Lib Dems target ‘Waitrose women’ to smash the Tory Blue Wall

'Waitrose Women' are defined as being aged 40 to 60 and guided by a strong sense of 'doing things the proper British way'
'Waitrose Women' are defined as being aged 40 to 60 and guided by a strong sense of 'doing things the proper British way' - LUCENTIUS/E+
  • Oops!
    Something went wrong.
    Please try again later.
  • Oops!
    Something went wrong.
    Please try again later.

The Lib Dems have identified “Waitrose Women” and “M&S Movers” as two key voting groups that could topple the Tories at the next election.

Campaigners have been told the “crucial” demographic groups – whose passions include celebrity chef James Martin and sports broadcaster Gary Lineker – will be paramount in deciding the Conservative Party’s fate in the Blue Wall.

At a strategy meeting to plan for both local and national elections, leaked documents reveal staff were told to target two main groups: “Waitrose Women”, who have tended to vote Tory, and “M&S Movers”, who have been loyal to Labour.

The former are defined as 40 to 60-year-olds guided by a strong sense of “doing things the proper British way”, who are “fed up of Conservative politicians trashing the traditional institutions of the country”, such as the Church of England, the BBC and the National Trust.

The latter, identified as couples aged 25 to 40, are said to have moved from London to the Home Counties after the pandemic to settle down and raise a family. They have climate change “top of their mind” and care deeply about “Gary Lineker and his causes”.

Strategists believe these two demographics at “opposite ends of the political spectrum” have the potential to swing the vote at the next election – and are confident they are “coming to the Liberal Democrats”.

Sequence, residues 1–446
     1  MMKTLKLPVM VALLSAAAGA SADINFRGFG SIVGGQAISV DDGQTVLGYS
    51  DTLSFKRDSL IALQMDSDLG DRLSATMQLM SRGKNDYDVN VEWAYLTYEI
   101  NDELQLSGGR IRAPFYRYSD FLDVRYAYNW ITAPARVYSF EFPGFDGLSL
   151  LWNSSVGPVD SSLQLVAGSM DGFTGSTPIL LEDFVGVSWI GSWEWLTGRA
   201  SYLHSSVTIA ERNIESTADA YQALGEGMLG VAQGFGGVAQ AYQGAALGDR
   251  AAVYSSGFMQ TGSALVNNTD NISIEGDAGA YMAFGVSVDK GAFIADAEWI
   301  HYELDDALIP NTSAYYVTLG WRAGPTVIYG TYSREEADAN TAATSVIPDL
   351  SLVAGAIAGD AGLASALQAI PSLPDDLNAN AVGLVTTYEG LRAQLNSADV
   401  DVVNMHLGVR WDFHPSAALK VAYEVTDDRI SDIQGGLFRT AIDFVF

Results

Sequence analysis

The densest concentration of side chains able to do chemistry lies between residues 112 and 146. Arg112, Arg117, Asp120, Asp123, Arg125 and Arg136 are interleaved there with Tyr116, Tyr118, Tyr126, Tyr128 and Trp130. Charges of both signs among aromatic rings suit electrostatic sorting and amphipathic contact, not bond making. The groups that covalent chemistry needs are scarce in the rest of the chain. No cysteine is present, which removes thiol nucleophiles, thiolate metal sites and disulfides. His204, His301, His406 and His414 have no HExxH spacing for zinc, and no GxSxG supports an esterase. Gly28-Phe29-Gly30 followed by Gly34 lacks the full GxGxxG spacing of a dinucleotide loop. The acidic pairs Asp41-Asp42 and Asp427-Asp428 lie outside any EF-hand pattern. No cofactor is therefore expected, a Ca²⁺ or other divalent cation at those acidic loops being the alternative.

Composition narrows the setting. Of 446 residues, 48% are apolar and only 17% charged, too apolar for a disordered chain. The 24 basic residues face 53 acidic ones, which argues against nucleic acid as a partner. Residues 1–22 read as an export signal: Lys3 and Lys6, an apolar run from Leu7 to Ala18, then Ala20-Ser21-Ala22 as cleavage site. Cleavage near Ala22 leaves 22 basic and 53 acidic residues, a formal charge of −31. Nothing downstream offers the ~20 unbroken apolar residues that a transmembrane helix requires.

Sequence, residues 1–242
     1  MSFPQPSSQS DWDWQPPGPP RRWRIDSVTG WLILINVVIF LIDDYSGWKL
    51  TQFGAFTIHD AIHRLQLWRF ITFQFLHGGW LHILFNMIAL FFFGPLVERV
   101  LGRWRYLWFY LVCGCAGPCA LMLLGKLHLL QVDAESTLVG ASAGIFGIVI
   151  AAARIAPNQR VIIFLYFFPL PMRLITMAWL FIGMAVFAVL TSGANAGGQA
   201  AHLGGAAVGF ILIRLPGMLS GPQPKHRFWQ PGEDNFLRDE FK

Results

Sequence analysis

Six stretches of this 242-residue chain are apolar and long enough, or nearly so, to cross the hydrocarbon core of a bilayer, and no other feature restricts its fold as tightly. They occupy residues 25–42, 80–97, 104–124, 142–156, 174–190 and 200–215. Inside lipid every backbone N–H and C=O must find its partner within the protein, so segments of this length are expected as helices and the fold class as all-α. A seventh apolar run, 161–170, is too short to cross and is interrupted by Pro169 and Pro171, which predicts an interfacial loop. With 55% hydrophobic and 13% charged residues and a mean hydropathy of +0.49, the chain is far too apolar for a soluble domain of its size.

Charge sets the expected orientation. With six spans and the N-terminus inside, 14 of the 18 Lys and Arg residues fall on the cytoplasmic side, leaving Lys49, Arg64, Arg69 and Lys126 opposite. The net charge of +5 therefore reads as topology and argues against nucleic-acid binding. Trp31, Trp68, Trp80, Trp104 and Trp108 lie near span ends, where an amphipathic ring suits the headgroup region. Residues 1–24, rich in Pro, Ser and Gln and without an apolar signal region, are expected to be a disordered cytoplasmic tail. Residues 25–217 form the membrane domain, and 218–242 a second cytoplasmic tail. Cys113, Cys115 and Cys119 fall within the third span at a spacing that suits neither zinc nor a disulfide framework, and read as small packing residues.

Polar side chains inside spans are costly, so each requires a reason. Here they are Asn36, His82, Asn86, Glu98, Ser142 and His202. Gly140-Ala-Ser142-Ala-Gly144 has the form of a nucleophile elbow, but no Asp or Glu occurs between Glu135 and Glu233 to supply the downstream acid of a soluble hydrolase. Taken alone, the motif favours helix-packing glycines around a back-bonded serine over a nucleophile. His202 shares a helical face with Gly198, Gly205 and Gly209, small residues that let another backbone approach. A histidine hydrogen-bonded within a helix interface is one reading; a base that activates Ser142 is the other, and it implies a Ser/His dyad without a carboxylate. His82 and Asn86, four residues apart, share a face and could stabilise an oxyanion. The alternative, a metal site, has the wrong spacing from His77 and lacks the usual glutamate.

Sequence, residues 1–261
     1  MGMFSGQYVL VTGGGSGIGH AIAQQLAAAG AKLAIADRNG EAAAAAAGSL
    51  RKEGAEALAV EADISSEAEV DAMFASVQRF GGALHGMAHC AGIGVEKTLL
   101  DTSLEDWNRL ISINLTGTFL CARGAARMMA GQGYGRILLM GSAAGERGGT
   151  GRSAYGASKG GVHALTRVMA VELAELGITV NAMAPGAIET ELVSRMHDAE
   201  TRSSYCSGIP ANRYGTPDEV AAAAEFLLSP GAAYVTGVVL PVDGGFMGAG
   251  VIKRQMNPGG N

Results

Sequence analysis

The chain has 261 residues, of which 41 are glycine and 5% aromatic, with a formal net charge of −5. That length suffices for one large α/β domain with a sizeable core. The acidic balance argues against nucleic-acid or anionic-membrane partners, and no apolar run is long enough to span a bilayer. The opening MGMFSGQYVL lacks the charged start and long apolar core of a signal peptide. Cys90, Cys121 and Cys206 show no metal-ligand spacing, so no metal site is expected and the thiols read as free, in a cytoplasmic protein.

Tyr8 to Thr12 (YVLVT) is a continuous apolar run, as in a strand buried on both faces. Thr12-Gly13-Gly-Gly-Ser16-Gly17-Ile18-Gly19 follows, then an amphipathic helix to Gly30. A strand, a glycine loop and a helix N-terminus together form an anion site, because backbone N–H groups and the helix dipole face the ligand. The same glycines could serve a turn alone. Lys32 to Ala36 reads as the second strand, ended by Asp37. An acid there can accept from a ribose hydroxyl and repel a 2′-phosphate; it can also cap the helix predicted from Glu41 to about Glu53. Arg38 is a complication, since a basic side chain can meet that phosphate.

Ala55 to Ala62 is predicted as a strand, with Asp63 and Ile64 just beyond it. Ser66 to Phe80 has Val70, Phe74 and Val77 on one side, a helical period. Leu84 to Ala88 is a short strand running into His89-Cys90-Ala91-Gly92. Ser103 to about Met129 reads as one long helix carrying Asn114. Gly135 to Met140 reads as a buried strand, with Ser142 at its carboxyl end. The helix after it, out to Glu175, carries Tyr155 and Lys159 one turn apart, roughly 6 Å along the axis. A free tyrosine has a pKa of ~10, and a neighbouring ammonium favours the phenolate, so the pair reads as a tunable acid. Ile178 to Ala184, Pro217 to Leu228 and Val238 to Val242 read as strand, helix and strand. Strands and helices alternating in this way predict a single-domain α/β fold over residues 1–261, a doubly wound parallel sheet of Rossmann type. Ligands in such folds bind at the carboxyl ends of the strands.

Winning over voters in the Blue Wall is key to Lib Dem plan to stage a comeback at the next election.

It is understood the Lib Dems have not put an exact figure on the number of Conservative seats they want to win. But they count themselves as strong contenders in “dozens” of constituencies, with high-profile targets they hope to unseat including Cabinet ministers Jeremy Hunt, Michael Gove and Gillian Keegan.

The plan is to set themselves apart from the Tories by attacking the Government’s record on the NHS, including long waiting lists, and the sewage crisis.

The two target groups, based on data canvassed from local and by-elections, were set out in a presentation to top campaigners at a summit at Lib Dem headquarters last week.

The slides, seen by The Telegraph, define Waitrose Women as traditional Tory voters who have switched to the Liberal Democrats for the first time in recent local polls.

Sewage crisis

They “hugely value their local environment”, spend their weekends walking their dogs in the countryside, and are particularly bothered by the sewage crisis – a key campaigning issue for the Lib Dems. They are also staunch defenders of British institutions including the National Trust.

Their “likes” are listed as dog-walking, Countryfile and Martin, the television chef best known for his BBC show Saturday Kitchen.

Boris Johnson was also said to have identified women who shop at the high-end supermarket as a key target group back in 2022.

The M&S Movers used to vote Labour when they lived in the capital, but now find themselves in Lib Dem-Tory battlegrounds.

While they don’t get their weekly shop from M&S, they have some disposable income – despite feeling the strain of mortgage rises.

Their “likes” include Match of the Day presenter Lineker and the causes he champions.

‘Double whammy’

A Lib Dem source said: “The Conservative party is facing a double whammy in its former heartlands.

“Not only are lifelong Conservative voters deserting the party, but now towns in the Home Counties are experiencing a flock of young families moving in.

“What unites both groups is a desire for change. In these seats, Labour does not exist, meaning it’s between the Liberal Democrats or a desperately tired Conservative Party.”

Broaden your horizons with award-winning British journalism. Try The Telegraph free for 3 months with unlimited access to our award-winning website, exclusive app, money-saving offers and more.